Snow day

For many kids, there’s a two-word phrase that can bring about a certain type of unexpected excitement and delight that’s hard to match: “snow day.” It’s almost only matched by the sense of disappointment kids have when they go to bed the night of a winter storm, only to wake up and find out that school hasn’t been cancelled.

But with the rise of remote learning and schools’ abilities to teach when the building is closed, some people have started to wonder:

Will there be snow days this year, or will schools turn to remote learning in the event that road conditions are poor -- thus allowing the school year to end on schedule in the spring?

We reached out to a handful of school districts and other individual places of learning to find out what their plans are.

Colchester School District Superintendent Amy Minor said that she’s “leaning” towards having a few snow days to start the winter but that the district will “continue to investigate the possibility of us converting those from snow days into remote learning days. We're just not there yet as part of our planning process.”

Minor said that she wants to at least give students, and staff who also enjoy the unplanned days off, a small sense of normalcy by keeping the practice of closing school in the event of a storm.

“Our students have had so much taken away from them this school year as a result of COVID,” she said. “Having an opportunity for a snow day -- I think our students across the district would welcome that tradition staying in place. That opportunity to wake up in the morning, look outside, and see all of that snow -- and then to know that they can be home for the day -- that's an excitement of childhood.”

Essex Westford School District is in a similar boat with Superintendent Beth Cobb saying it’s “looking” like the district will continue to have no-school snow days. She did note, however, that in the event of a significant storm in the forecast, the plans might change and the district will move to remote learning if buildings are to be closed for more than a day.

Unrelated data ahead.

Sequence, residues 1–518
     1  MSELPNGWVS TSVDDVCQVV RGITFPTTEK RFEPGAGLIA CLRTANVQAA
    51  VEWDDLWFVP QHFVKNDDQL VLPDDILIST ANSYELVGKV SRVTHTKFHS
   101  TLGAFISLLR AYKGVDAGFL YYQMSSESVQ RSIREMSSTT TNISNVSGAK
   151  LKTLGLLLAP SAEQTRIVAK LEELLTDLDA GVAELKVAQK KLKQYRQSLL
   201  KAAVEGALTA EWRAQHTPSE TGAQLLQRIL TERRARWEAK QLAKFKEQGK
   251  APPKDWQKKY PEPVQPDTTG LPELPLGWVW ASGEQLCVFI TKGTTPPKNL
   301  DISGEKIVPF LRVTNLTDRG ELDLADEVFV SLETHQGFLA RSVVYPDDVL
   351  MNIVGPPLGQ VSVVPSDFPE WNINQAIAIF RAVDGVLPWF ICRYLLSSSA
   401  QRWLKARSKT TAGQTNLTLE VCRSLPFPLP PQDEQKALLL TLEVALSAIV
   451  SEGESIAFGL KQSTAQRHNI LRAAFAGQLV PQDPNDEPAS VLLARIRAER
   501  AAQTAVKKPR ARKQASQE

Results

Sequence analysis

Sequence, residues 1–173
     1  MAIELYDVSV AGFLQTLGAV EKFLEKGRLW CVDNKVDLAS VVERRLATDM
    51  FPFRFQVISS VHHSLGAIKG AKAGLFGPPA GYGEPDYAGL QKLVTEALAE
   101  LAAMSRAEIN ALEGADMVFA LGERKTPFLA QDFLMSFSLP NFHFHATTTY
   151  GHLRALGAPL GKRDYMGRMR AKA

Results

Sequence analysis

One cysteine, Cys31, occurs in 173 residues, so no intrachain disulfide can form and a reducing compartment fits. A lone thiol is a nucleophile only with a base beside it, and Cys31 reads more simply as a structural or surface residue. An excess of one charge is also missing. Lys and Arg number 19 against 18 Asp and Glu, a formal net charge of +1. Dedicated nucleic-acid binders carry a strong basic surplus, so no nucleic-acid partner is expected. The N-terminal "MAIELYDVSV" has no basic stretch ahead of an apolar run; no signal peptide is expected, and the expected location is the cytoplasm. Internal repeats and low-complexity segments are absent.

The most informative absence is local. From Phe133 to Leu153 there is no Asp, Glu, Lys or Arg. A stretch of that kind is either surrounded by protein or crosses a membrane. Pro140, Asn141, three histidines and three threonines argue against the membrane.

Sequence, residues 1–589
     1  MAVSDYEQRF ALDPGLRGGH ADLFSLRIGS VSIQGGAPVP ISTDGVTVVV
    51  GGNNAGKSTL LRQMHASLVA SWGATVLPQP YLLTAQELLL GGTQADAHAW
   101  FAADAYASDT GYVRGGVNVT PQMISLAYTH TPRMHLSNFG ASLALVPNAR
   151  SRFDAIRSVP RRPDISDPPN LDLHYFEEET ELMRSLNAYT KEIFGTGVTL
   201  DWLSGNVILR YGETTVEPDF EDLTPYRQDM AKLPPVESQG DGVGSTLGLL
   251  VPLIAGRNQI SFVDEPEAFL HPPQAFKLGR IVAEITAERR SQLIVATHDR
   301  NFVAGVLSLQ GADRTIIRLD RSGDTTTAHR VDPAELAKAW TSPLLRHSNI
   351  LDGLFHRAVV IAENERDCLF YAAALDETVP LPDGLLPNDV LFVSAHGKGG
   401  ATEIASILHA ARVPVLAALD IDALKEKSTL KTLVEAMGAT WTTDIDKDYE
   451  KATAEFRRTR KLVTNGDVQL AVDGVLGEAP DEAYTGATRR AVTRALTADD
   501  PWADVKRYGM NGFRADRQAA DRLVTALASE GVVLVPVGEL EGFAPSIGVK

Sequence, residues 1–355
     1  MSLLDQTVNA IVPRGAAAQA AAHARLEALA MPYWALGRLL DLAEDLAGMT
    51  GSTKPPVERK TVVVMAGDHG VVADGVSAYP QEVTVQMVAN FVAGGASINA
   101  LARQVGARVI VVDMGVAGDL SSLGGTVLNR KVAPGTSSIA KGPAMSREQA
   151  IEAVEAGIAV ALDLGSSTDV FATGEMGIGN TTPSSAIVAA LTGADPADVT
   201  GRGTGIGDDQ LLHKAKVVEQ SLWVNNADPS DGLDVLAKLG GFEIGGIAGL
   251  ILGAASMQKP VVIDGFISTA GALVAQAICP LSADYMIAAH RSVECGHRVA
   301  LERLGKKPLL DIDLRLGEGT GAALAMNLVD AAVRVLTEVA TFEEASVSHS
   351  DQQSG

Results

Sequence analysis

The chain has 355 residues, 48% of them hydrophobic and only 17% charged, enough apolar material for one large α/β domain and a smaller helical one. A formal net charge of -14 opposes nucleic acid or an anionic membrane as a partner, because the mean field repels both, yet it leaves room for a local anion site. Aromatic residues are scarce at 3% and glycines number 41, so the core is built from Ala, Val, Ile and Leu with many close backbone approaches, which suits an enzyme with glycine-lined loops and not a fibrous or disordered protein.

Milton Town School District is also in the camp of allowing students and staff to completely have the day off of assignments and work in the case of inclement weather. “Milton has decided to keep 'snow days' as traditional snow days and make up any missed days at the end of the year,” said Superintendent Amy Rex. “In part, we feel as though students are already spending too much time in 'remote' learning, and we do not want to add to it. That being said, we also communicated to families that if the number of snow days became excessive, that we may revisit the decision.”

Winooski’s schools won’t deviate from that line of thinking with Superintendent Sean McMannon saying, “Winooski School District will be doing snow days as normal.”

The only district or school that answered our inquiry and said that it will utilize the virtual style of learning in lieu of snow days was Rice Memorial High School. President and Principal Lisa Lorenz said, “Rice plans on calling snow days to be a full-on remote learning day.”

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